I am a homeschooling mom from Minnesota. My brother-in-law told me that he knows of homeschool families in North Dakota who get paid $1500.00 a month to homeschool. Is this true?
Get paid for homeschooling? Sounds good, right?
In some states, parents do receive money when their kids learn at home.
Their children might be officially categorized as students at a charter school, or they may live in a state that has a tax benefit when children learn at home. Parents in those states may be able to use funds to purchase curriculum, activities, or supplies, up to a specific allowable amount. Other families may receive funding to pay for specific online curriculum students use at home with parents’ support (virtual public school), or they might receive that curriculum at no cost because it is purchased by the public schools and then distributed to families for use at home.
Money for Homeschoolers in North Dakota?
North Dakota specifically? I’m not sure, but so far I haven’t found any online evidence to support your brother-in-law’s claim. As we say in our Ask Jeanne guidelines, TheHomeSchoolMom doesn’t give state-specific advice because homeschool laws differ from state-to-state and can change with new legislation passed by each state’s legislature.
What are the Pros and Cons of Money for Homeschooling?
Those who favor funds for students learning at home believe
- more people can afford for their children to learn at home if money for curriculum and resources is provided
- school divisions don’t have to provide services for students who are learning at home, meaning less crowding and lower costs for schools
- public schools should have competition, so they will innovate and provide high quality education
- learning at home should not just be for more affluent people
- parents should have choices in how their children are educated, and there is no real choice without funding
- public schools may fail to meet the needs of some students, so alternatives are needed
- homeschooling parents pay taxes for education and should not be excluded from funding for education
Those who do not favor funds for students learning at home believe
- homeschool freedom and effectiveness could be affected by regulations governing curriculum and resource purchases
- public funds could be used by families for educational materials that don’t meet state standards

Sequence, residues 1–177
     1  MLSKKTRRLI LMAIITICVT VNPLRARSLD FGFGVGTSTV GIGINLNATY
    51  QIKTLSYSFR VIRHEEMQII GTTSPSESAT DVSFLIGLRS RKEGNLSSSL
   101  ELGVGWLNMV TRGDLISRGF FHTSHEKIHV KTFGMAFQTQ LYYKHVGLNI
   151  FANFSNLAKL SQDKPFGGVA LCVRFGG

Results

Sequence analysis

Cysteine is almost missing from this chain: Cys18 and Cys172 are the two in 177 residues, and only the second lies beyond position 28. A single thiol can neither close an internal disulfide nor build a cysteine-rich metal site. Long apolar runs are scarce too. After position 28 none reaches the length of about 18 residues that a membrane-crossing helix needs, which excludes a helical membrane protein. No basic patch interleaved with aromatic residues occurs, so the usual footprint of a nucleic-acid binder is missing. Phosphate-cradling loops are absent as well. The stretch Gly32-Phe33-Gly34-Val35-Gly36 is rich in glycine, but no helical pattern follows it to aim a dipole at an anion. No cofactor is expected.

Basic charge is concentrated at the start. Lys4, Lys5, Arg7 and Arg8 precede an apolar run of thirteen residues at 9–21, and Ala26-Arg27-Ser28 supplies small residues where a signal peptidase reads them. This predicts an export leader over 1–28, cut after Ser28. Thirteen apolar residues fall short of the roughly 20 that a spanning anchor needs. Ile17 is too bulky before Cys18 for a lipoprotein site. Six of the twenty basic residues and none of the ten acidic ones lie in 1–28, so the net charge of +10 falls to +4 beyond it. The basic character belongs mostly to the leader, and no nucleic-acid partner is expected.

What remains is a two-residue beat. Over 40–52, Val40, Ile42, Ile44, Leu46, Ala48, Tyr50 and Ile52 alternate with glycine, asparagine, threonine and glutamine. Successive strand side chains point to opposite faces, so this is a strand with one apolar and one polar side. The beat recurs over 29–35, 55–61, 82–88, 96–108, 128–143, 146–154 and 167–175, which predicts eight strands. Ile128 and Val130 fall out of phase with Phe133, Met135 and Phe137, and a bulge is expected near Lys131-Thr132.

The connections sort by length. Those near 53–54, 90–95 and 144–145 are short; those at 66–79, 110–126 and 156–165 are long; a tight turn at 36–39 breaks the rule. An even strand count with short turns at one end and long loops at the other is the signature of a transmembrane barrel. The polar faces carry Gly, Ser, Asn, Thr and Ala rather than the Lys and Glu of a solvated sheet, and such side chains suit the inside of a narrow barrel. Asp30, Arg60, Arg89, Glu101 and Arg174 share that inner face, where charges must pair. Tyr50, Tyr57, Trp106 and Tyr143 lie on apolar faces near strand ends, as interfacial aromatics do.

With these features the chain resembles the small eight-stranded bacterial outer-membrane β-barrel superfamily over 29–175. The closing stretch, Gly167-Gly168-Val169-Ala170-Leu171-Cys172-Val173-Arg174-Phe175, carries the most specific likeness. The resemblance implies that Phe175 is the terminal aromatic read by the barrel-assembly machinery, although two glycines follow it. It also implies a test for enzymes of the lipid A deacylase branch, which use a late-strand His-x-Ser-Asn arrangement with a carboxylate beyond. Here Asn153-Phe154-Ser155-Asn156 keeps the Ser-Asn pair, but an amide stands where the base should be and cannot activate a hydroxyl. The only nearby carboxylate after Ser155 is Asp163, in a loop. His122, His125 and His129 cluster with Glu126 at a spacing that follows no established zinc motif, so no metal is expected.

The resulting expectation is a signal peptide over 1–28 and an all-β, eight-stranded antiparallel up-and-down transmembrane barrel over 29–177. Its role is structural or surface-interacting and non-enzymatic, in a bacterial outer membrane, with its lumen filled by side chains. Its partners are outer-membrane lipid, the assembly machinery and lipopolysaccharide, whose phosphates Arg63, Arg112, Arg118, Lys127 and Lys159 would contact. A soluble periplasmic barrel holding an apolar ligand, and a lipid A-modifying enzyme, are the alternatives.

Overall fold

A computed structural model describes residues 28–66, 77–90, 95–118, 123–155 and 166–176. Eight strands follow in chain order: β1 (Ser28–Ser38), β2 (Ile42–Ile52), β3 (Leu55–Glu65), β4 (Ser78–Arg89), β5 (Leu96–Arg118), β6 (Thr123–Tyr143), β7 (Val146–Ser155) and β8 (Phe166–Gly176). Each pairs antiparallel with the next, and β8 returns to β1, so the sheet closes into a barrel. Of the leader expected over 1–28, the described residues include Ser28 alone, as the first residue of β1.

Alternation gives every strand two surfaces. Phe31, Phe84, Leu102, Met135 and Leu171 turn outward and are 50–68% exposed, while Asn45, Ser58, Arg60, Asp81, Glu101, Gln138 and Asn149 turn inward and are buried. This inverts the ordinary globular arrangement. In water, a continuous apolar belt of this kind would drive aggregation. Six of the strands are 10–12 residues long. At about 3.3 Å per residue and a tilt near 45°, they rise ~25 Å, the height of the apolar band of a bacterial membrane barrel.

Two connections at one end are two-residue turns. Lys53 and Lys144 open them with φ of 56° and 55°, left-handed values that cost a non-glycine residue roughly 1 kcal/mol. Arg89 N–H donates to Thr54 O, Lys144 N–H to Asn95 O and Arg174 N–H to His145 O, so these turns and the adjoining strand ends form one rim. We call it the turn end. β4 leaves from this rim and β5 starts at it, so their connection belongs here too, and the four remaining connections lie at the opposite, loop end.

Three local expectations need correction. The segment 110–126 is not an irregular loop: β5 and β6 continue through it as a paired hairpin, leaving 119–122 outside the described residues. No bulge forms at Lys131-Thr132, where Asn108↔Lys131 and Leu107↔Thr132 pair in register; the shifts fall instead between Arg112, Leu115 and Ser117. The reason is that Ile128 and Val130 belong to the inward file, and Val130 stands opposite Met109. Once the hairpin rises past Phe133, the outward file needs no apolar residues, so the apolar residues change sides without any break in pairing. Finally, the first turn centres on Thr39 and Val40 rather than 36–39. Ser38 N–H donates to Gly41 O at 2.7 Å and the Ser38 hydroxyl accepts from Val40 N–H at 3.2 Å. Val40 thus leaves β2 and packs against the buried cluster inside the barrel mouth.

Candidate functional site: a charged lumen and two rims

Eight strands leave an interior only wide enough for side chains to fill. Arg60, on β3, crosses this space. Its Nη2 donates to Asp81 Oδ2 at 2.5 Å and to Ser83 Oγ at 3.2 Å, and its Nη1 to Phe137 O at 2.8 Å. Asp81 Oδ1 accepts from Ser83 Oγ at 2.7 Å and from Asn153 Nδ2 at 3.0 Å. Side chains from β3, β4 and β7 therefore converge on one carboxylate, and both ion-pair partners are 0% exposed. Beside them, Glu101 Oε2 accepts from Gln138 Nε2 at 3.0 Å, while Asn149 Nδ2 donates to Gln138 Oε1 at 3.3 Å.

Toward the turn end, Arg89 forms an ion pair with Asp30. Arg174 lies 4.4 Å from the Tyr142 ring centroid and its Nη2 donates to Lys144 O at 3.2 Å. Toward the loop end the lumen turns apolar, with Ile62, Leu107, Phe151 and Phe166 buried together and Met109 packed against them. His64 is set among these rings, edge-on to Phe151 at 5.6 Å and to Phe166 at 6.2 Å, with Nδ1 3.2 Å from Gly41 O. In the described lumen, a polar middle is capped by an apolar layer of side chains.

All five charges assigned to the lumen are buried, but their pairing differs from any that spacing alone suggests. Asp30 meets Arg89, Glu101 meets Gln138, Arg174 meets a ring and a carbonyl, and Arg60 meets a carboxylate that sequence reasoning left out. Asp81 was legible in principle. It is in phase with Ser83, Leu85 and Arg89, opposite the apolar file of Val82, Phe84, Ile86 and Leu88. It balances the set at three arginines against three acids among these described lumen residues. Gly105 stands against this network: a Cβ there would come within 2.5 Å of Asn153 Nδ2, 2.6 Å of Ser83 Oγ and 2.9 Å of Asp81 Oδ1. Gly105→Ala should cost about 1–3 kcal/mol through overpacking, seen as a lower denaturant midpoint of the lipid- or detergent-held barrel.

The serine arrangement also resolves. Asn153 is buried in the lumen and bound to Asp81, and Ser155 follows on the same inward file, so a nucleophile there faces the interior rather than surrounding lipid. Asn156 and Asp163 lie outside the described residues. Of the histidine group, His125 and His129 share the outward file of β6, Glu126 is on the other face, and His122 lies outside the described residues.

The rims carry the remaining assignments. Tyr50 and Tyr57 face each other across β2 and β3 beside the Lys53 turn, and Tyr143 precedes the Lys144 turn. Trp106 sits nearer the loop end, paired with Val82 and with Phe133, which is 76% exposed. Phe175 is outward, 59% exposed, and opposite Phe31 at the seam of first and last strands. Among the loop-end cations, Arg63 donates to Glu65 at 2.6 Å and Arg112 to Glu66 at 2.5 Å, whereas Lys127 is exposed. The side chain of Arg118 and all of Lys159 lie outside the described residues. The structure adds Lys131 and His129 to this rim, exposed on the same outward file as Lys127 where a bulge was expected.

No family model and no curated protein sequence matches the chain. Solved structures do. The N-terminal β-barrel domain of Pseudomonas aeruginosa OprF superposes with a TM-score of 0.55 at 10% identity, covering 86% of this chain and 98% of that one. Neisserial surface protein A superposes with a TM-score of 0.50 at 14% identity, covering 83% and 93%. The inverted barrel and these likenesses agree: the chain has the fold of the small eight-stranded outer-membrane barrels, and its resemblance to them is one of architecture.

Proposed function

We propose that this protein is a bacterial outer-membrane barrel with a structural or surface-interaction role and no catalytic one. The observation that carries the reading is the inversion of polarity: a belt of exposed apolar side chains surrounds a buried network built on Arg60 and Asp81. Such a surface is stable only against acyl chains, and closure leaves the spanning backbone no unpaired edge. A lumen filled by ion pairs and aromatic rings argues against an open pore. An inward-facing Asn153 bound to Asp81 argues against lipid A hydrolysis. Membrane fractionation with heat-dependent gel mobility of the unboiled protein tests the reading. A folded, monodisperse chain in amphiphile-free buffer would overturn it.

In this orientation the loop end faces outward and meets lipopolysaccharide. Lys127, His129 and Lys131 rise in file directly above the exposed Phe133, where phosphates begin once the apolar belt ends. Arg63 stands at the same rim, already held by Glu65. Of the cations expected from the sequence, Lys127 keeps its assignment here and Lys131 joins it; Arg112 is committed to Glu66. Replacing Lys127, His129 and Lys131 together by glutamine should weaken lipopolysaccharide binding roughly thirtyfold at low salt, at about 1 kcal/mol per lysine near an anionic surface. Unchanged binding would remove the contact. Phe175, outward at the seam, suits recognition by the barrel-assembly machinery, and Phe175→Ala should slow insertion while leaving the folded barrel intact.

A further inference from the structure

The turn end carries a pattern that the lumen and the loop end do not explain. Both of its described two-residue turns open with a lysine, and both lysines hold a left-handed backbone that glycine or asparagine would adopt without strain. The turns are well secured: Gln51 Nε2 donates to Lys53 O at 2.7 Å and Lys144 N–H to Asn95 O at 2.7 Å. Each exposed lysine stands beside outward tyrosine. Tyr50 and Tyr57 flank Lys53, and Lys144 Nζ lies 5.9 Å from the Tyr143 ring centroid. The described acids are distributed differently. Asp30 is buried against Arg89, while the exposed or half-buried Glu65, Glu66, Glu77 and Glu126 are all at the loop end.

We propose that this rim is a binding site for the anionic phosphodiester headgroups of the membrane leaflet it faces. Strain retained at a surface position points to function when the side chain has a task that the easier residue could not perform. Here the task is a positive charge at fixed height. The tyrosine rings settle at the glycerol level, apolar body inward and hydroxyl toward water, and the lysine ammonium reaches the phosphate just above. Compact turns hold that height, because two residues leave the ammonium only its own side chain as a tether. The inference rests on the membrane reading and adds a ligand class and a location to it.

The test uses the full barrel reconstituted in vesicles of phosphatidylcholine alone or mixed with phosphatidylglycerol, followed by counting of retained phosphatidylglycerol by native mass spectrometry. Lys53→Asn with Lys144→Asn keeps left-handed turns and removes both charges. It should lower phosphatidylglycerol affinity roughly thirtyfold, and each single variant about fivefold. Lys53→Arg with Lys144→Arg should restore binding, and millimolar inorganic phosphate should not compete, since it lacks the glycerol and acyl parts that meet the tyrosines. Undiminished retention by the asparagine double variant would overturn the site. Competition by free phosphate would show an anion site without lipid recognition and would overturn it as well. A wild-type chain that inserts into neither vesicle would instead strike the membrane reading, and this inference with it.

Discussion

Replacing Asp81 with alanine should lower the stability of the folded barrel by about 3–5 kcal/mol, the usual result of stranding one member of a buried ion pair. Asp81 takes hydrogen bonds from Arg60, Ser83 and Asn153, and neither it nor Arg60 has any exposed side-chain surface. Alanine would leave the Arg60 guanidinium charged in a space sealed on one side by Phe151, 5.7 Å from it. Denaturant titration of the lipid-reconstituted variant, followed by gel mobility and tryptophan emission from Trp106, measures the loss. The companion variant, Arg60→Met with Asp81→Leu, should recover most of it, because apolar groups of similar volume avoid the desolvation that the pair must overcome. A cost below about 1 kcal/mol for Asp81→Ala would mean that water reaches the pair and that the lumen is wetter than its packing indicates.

- funds for public schools could be diminished
- community support for public schools could be jeopardized
- policies that support “education choice” mean fewer people will choose public schools
- people might confuse independent homeschooling with public school at home and charter schools at home although the education approaches are quite different
- many people pay taxes for education and don’t directly benefit by having children in school
Opinions Might Surprise You
This issue makes strange political bedfellows.
It surprises some to find many homeschoolers themselves do not want government funding because they feel funding will bring government regulations around how funds are used and educational oversight that interferes with authentic learning. Some homeschoolers actually move away from using government funds to independent homeschooling to create better learning for their families.
People new to the possibility of having their own children learn at home are often intrigued by the possibility of funds or “getting paid to homeschool.” They are sometimes met with “be careful what you wish for” by longer term homeschoolers, depending on how state laws are written where they live.
Some non-homeschoolers favor educational choice for political and social reasons, and they want to see education funds distributed to families whose children are learning at home.
Some families with children learning at home are grateful for funds that help them financially afford it.
Some homeschoolers support public education and don’t want to see community support diminished for their local public schools.
States have become even more diverse in their offerings since this forum discussion about getting paid to homeschool, but the comments show the various options and parents’ opinions on them.
Does My State Provide Money for Homeschooling?
State homeschool organizations and local homeschool groups are the authorities on state-specific homeschooling information. That said, state homeschool organizations may not have information on some of the educational options where parents receive funds since those options may not legally be considered homeschooling. State homeschool groups do not necessarily support parents whose kids are learning at home through a public charter school or a public virtual school because different laws apply.
For info about public charters, public virtual schools, and funding for kids learning at home, go to the website for each state’s department of public education.
In other states, there is a longer history of state funds for homeschoolers and the same laws apply. On those state homeschool sites, you’ll find more learning-at-home options explained and supported.
And that’s why we don’t give state-specific advice in Ask Jeanne columns. I homeschooled in three states over twenty years, and I know first-hand that it’s better to count on in-state experts. However, at TheHomeSchoolMom, we can help with understanding what the issues are.
For more information about different ways of learning at home, read our article on education hybrids, sometimes called homeschool hybrids.